Ok, the restaurant on Quai d'Orleans is named Isami.I also found two addresses of not too expensive real Japanese sushi restaurants (in the Ste Anne area of course).Here they are:Korin こりん: 58bis rue Ste Anne.Take 竹: 10 rue Port-Mahon.I'll try them asap.(and yeah, I'm showing off my Japanese skills... come on I actually know what Take means... It means Bamboo... I have no idea what Korin or Isami can mean though) :-)
Hi David....I don't like Chinese food because I don't like noodles and their veggie dishes are made with a lot of oil- which I don't like, either. Plus, I'm a vegetarian.. and there are a lot of meat dishes... So... I LOVE Japanese food... and Thai food.. but not Chinese food... I'm not a super huge fan of Vietnamese food either, but because my sis-in-law is Vietnamese... I am more willing to try their cuisine.. as long as I don't have to eat meat!Thanks for all the info about the other Japanese restos.. I think that Alex and I will check them out.. because he likes sushi now, too... Take care
If rue St Anne is near l'Opera Garnier, then I believe it's the street known for its japanese restaurants. Each one has its own specialty, which means sushi might or might not be on the menu. I had a great omelet kind of dish with pork, eggs, and the thinnest slivers of fish. It's more home style japanese cooking, which can be really yummy, but it has nothing to do with sushi. Check out each restaurant if you want to have some variety.
Leesa,I forgot you were vegetarian... (how can you survive in France? you're missing the best part of the country).Still, I'm sure there are a lot of Chinese dishes that are without meat...Vietnamese food is definitely my second favorite food in the world after South West French, Japanese coming only at third place.L: yeah, this is the street I'm talking about, and no, not every Japanese restaurant serve sushi... Only sushi restaurants serve sushi.Japanese restaurants are usually specialized.You have sushi restaurants, ramen restaurants, udon restaurants, soba restaurants, etc, etc.But I wouldn't really call these home food, more basic Japanese restaurant food. :-)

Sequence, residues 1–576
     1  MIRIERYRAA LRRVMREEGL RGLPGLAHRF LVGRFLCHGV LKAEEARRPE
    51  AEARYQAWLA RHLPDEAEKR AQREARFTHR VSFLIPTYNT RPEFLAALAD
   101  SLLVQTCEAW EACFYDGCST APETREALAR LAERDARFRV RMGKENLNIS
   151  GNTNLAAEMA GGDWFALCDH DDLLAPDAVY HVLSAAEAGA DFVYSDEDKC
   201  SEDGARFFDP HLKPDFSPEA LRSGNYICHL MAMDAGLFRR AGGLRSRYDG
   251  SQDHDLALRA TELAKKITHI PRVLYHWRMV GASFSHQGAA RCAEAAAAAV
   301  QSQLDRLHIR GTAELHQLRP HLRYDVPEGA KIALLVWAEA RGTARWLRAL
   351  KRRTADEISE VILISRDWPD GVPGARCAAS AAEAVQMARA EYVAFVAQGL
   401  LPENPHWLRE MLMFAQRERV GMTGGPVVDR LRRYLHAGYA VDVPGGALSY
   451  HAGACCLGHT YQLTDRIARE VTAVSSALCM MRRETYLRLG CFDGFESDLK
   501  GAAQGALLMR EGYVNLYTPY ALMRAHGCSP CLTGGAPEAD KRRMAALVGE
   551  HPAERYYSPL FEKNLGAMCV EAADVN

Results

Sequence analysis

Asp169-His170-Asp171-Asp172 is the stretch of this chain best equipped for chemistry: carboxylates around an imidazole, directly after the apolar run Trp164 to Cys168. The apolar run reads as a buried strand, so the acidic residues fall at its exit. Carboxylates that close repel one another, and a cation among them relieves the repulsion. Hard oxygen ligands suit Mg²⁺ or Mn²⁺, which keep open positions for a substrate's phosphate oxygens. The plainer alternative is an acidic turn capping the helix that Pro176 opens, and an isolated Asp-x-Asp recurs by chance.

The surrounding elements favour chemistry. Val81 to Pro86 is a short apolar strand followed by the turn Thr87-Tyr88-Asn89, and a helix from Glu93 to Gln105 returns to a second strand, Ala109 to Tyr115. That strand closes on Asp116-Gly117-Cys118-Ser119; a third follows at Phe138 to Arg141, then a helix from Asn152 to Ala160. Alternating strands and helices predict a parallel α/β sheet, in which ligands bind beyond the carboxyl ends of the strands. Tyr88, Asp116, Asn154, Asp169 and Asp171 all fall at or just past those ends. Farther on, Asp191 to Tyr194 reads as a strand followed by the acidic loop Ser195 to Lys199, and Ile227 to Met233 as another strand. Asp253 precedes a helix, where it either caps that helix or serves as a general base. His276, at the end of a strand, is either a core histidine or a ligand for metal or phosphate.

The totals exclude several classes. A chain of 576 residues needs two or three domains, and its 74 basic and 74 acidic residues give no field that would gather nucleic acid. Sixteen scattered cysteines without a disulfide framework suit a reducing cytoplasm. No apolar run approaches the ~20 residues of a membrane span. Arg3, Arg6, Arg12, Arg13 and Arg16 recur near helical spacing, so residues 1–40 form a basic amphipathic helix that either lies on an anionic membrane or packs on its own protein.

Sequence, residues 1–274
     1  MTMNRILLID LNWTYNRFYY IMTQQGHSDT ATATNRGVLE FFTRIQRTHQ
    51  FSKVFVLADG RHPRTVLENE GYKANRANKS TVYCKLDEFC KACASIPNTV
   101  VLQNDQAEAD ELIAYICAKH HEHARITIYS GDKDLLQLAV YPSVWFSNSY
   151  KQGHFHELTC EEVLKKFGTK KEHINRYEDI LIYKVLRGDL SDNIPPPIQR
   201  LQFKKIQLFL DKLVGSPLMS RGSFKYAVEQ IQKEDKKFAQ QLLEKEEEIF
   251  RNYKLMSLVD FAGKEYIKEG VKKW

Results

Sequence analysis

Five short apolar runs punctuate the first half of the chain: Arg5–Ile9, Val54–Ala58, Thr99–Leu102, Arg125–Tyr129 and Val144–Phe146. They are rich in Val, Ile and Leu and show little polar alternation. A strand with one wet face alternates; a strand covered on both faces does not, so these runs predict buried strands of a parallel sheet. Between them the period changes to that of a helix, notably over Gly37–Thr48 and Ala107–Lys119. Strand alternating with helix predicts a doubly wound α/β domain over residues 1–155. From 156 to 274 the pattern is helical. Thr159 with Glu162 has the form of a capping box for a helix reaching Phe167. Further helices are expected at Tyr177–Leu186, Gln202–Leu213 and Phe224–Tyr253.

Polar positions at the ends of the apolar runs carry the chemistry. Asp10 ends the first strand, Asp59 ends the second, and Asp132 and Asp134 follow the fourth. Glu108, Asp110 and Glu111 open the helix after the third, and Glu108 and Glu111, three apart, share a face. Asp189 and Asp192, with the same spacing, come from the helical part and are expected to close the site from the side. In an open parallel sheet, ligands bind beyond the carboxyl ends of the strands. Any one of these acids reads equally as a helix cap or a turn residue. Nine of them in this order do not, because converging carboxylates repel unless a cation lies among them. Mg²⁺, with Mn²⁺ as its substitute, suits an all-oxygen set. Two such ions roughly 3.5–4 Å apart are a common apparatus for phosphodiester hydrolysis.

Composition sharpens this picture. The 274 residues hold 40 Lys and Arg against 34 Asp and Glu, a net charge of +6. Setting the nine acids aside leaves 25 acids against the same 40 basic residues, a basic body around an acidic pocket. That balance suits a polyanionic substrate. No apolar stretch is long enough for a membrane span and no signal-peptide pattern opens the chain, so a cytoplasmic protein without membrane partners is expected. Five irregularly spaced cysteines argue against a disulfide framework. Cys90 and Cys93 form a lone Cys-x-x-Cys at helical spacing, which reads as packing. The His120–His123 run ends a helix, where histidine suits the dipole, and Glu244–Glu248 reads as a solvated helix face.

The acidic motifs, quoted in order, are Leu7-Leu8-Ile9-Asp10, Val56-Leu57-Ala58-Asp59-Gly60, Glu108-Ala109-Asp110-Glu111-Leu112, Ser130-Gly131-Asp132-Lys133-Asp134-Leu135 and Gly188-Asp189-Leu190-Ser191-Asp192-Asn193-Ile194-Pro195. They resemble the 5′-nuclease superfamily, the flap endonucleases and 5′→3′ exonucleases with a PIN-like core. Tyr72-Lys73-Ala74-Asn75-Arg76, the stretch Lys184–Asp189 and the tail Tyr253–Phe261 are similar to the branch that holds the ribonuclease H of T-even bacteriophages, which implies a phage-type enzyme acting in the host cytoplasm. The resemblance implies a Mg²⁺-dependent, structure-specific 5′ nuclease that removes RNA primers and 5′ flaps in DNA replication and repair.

Hi L-- Thanks for the info.. I have actually been to this endroit with my friend, Anais... We walked buy a ton of different japanese restos.. Such a wide variety.. YUM!!!Hi David-- Hey! I've been here for almost 2 years now and I've survived thus far! Do you know, I was a vegan when I was in Cali. but because of French dairy products being more strictly controlled and of much better quality than in Cali... I have dropped the veganism and retained my vegetarianism. I don't know how strict I am if I DO eat fish from time to time.. I only eat saumon or tuna... Nothing else. I am sure that whatever I am missing out on in terms of French cuisine you can pick up the slack for me, k? Didn't know you were such a huge fan of Vietnamese food... There are a ton of V. restos all over the place.. Take care... Leese
Don't take it the wrong way, but this is a genuine question that always bothered me.Why is it OK for vegetarians to eat fish and not other animals? I mean, fish are animals too, if it's wrong to eat animals, why is it not wrong to eat fish?What the logic behind this?(no irony here (for once), just a something I always wondered)Apart from that if you have addresses for awesome Vietnamese restaurants downtown, I'd like them, because I know only two (I know there are a bunch in Chinatown, but it's kinda far for me).Yeah, I'm big on Vietnamese cuisine for two reasons (which are related): there's a big Vietnamese community in the South West (that's where most refugee camps were located back in the days) and we find real genuine Vietnamese cuisine and restaurants all over the place (whereas there are almost no Chinese or Thai or other Asian restaurants) and my parents' neighbor, who's pretty much my third grandma (or even my second as one of them died a long time ago... or even my first as I'm not that close to the other one), is Vietnamese and might just be the best cook on Earth (and she taught me how to eat with chopsticks when I was about 7 or 8, that counts for something)